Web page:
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Lincoln: Wind power firm eyes town for expansion

LINCOLN, Maine – As many as 35 electricity-generating windmills might be built in town by a Massachusetts firm that plans to meet with the Town Council later this month to discuss its plans.

Evergreen Wind Power LLC, a subsidiary of UPC Wind of Massachusetts, will meet with the Town Council on June 16, Town Council Chairman Steve Clay and interim Town Manager Lisa Goodwin said.

“They are coming to announce their intentions in this area,” Clay said of the project. “It could mean a lot.”

It was unclear how much of the meeting would be in open forum or executive session.

Clay and Goodwin declined further comment. Town Economic Development Assistant Ruth Birtz declined to comment.

Company spokesman John LaMontaigne said he welcomed the opportunity to speak in detail about the proposed generation facility at the council meeting. Speaking in detail before that would be premature, he said.

Matt Kearns, project manager with UPC Wind, declined to comment earlier this week.

Evergreen built two meteorological towers worth $90,000 at Rocky Dundee Road and Grandma’s Mountain off Route 6 late last year to test the suitability of both areas for wind-energy towers. About 100 people are employed full time and part time as consultants vetting the Lincoln project.

Landowner David Susen of Lincoln received a building permit for a $30,000 tower on a farm near the mountain on Nov. 1. Landowner Herbert Haynes Jr. of Lakeville Shores Inc. in Winn received a building permit for a $60,000 tower on Rocky Dundee Road the same day, town records indicate.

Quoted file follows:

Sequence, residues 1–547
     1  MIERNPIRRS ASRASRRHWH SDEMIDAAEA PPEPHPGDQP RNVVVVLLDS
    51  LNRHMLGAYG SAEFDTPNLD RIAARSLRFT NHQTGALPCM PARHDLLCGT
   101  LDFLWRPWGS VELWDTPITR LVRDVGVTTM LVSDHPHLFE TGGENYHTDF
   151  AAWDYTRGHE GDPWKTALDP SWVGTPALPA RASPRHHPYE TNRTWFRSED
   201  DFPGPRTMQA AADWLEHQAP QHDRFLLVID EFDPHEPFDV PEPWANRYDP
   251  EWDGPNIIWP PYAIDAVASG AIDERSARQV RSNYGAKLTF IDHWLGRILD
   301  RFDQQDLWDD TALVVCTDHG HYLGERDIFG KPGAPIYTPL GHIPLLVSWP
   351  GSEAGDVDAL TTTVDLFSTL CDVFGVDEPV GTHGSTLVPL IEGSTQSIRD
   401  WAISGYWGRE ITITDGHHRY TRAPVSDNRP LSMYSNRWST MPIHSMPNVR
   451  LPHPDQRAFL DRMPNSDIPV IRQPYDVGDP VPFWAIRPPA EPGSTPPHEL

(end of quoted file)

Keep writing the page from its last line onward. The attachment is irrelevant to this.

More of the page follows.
Several sources speaking on condition of anonymity painted a broad-stroke portrait of the proposed Lincoln development that, if true, would match UPC’s Stetson Mountain project, the largest wind farm in New England.

The Stetson Mountain site is between Danforth and Springfield. As proposed, the company’s 38 turbines each will stand roughly 390 feet from base to blade tip and will be spaced out along the ridgeline, which runs roughly parallel to Route 169 for about seven miles. The turbines will be located primarily along existing logging roads.

Once operational, the Stetson wind farm is expected to generate as much as 57 megawatts of pollution-free electricity at any given time. Company officials said that is the equivalent of the yearly electricity use of 27,500 Maine households.

Power from the farm will flow into the New England power grid for sale to power companies. While it likely will not be allowed to sell electricity directly to retail consumers, the farm would help provide stable electricity for consumers and hedge against runaway electricity price spikes and brownouts seen in California.

UPC Wind already runs the 28-turbine wind farm in Mars Hill in northern Maine that generates enough electricity to power about 15,000 New England homes, company officials said. That facility, New England’s largest, sells power wholesale to electricity retailers over the grid.

Sources place Lincoln’s project at 22 to 35 windmills. It would employ five full-time workers and seven to 10 contractors from General Electric, the company that manufactures the turbines, and would be built over the next two years.

By Nick Sambides Jr.

Bangor Daily News

9 June 2008